I have a wife and three children. I have a few good friends. I like to hunt and fish. These things are most important to me.
I have owned two businesses, and I have worked for many. I have worked in many industries, long before law school. I worked construction at the general contractor level and at the subcontractor level. I worked both commercial and residential construction. I worked in restaurants. I detailed cars. I delivered pizzas. I have cleaned toilets, mowed yards, painted parking lot lines, dug ditches, run conduit, tied ceiling grid, worked in hot-shot delivery, worked in attics in the worst of summertime heat, repaired small engines, and managed multi-million-dollar projects. I have managed people and been managed by people. I can and do work with my hands, and I often find that work most fulfilling.
I did incredibly well in law school; I have written books and articles in my profession; and I can hold my resume next to anyone. But a resume does not hold a candle to work ethic and integrity. Resumes are paper; degrees are paper. They are not an entitlement; nor are they an indication of character. I strive to be much more than a lawyer with a good resume. And I am the same every day, good and bad, trial or no trial, working in a law firm, working on a duck blind, or being with my family.
Abraham Lincoln was one of the greatest of lawyers. I am not him, but I strive to be. He once wrote:
Discourage litigation. Persuade your neighbors to compromise whenever you can. Point out to them how the nominal winner is often a real loser -- in fees, expenses, and waste of time. As a peacemaker the lawyer has a superior opportunity of being a good man. There will still be business enough. Never stir up litigation. A worse man can scarcely be found than one who does this. Who can be more nearly a fiend than he who habitually overhauls the register of deeds in search of defects in titles, whereon to stir up strife, and put money in his pocket? A moral tone ought to be infused into the profession which should drive such men out of it.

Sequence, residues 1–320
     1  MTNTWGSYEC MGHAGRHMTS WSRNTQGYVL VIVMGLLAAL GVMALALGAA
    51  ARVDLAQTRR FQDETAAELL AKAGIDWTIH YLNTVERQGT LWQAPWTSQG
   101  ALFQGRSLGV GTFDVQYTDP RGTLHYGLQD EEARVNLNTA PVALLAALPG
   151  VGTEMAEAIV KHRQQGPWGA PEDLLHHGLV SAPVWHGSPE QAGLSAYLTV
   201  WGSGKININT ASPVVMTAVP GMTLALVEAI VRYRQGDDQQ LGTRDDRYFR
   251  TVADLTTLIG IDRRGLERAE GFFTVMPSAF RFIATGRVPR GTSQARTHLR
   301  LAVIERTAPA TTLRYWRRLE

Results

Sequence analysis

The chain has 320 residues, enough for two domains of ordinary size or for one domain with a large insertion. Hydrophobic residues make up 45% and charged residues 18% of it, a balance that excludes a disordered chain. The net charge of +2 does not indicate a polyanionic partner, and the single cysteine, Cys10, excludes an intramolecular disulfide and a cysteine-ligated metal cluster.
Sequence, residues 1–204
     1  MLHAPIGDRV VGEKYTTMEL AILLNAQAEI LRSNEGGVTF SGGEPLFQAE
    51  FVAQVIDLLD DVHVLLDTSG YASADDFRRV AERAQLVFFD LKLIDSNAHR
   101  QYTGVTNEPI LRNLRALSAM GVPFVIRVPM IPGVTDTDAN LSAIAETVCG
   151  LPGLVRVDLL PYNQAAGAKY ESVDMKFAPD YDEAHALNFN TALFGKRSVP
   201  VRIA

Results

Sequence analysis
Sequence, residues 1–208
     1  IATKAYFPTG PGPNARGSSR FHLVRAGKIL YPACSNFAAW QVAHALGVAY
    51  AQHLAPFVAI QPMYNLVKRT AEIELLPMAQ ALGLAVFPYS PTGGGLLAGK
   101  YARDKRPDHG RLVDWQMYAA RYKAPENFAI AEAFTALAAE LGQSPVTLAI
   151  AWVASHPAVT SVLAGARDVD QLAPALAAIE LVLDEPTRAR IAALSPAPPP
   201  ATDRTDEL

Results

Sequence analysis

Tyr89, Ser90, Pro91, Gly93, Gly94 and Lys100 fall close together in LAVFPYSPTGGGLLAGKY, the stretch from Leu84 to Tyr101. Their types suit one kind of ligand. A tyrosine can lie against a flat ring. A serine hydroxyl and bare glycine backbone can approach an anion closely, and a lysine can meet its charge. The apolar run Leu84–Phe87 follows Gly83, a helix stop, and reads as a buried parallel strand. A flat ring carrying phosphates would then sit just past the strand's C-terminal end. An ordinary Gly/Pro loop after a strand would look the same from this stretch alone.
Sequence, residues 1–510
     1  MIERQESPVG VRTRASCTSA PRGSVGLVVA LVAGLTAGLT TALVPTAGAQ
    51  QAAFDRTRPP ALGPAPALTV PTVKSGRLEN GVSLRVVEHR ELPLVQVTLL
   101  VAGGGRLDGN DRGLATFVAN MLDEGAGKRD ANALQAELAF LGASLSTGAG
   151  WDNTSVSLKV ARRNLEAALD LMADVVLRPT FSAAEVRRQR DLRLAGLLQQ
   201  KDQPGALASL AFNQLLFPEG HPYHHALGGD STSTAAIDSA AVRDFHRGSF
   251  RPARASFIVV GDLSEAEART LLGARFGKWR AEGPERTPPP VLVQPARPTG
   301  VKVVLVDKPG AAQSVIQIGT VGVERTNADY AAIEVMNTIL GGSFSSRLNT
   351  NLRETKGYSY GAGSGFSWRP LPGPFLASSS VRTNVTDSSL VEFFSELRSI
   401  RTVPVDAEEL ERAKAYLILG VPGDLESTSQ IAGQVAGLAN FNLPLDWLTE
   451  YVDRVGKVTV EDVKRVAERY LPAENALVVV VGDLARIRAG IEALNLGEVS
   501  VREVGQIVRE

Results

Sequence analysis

Do you want to avoid legal problems? It’s quite easy, frankly, as a general rule. Treat others the way you wish to be treated. Do justice. Love mercy. Walk humbly. If you do that, most of the time you will avoid legal trouble, at least real legal trouble. There are always those that will abuse the system or who will do unto others in a way that they would not want done to them. And they can abuse you; they can accuse you; they can say false things about you; they can try to hurt you. It has happened to me, too. There are unquestionably bad people in this world. Those people you cannot help or control. But you can control you. You can help yourself legally by trying to do the right thing by others. And when you try to do that, most of the time legal trouble will not be your trouble. And if it becomes your trouble, if you abide by that principle, most of the time you are and will be just fine at the end of the day, even when falsely-accused.
But even when you do all that you can to do right by others, at times litigation is necessary. Either because it is brought against you or because you must bring it against another. I am a zealous advocate, and I walk with my clients carrying both a sword and a shield to bring justice.